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Accountant vs. Bookkeeper: What Do They Do for a Business?

Lori Fairbanks
Lori Fairbanks

A DIY approach to your small business's finances might not cut it. Consider hiring a bookkeeper or an accountant to keep track of data.

As a small business owner, you need your financial data to be current and accurate so you can make good business decisions and ensure you have a healthy cash flow. But as your business grows and you take on more customers, vendors, and employees, keeping track of how much money you have coming in and going out of your business gets complex – and time-consuming.

When the accounting tasks for your small business are too much to handle by yourself, it's time to hire help. But do you need an accountant or a bookkeeper? The terms are sometimes used interchangeably, and there can be some overlap in what they do, but there are some distinct differences.

Here's what you need to know before placing that help wanted ad.

 

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What do bookkeepers do?

A bookkeeper handles the day-to-day task of recording financial transactions, including purchases, receipts, sales and payments. Many small businesses use software such as QuickBooks or Xero to keep track of their entries, debits and credits. [Looking for accounting software? Check out our best picks.]

The experts from Accounting Coach assert that a bookkeeper's role can vary depending on the size of the business and its unique needs. For instance, at a very small company that does not have an accountant, a bookkeeper will have more extensive responsibilities. They will be responsible for processing payables, receivables, payroll, and related tasks that are more widely distributed in larger companies. At larger companies, according to Xero, bookkeepers are often expected to do data entry, bank reconciliation and monthly reports.

"Bookkeeping is designed to generate data about the activities of an organization," said D'Arcy Becker, chair and professor of accounting at the University of Wisconsin Whitewater Department of Accounting. "Accounting is designed to turn data into information."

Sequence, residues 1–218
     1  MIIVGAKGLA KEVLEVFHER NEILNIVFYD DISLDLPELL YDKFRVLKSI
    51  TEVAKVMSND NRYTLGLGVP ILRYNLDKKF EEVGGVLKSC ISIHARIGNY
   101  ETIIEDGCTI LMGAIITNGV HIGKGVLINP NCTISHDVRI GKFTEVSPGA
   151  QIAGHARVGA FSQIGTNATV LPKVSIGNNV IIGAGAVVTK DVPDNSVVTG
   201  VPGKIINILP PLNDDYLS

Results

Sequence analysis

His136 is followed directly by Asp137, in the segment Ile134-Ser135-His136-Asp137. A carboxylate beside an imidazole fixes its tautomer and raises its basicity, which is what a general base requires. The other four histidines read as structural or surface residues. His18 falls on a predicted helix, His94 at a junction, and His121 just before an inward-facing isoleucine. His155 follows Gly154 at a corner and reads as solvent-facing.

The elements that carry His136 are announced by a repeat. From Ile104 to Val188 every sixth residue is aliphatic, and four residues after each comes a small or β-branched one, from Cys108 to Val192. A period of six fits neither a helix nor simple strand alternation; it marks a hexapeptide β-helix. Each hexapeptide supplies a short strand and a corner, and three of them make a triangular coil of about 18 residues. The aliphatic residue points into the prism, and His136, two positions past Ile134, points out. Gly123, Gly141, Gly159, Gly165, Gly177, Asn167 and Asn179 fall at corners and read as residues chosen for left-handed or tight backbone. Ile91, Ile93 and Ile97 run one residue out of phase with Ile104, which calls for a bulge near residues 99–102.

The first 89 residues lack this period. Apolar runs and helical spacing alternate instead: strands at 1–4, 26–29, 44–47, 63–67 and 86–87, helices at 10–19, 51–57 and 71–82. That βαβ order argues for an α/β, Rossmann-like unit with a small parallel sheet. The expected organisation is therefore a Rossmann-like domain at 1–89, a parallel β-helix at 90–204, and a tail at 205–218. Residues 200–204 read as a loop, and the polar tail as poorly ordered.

According to EasyBooks, bookkeepers may be tasked with any of the following:

  • Maintaining accurate records
  • Handling the day-to-day management of accounts
  • Ensuring that businesses stay in compliance with the laws
  • Managing bank feeds
  • Handling accounts payable
  • Sending out invoices and managing accounts receivable
  • Preparing financial statements
  • Processing payroll
  • Dealing with foreign currency transactions
  • Performing stocktake
  • Managing cash flow
  • Preparing the books for the accountant

Benefits of hiring a bookkeeper for your business

DCA names these benefits of hiring an accountant:

  • Error prevention: One of the top benefits of hiring a bookkeeper is that they often help you avoid errors. Even the most seasoned business owners are known to make errors when they are not properly trained in bookkeeping, such as entering data incorrectly, mixing up types of expenses and missing some entries.
  • Analysis: Another major benefit of hiring a bookkeeper is that they are skilled in analyzing where a company stands on a financial level. This helps companies make well-informed financial decisions.
  • More free time: Since bookkeeping can be highly tedious, hiring a bookkeeper frees up more time for you and your employees to spend on your primary duties.

Tips for hiring a bookkeeper

Fourlane provides some important tips for hiring a bookkeeper:

  • Set a budget. Before you try to hire a bookkeeper for your company, you need to consider your budget. You may only be able to afford a bookkeeper who works part time or even just a few days a month.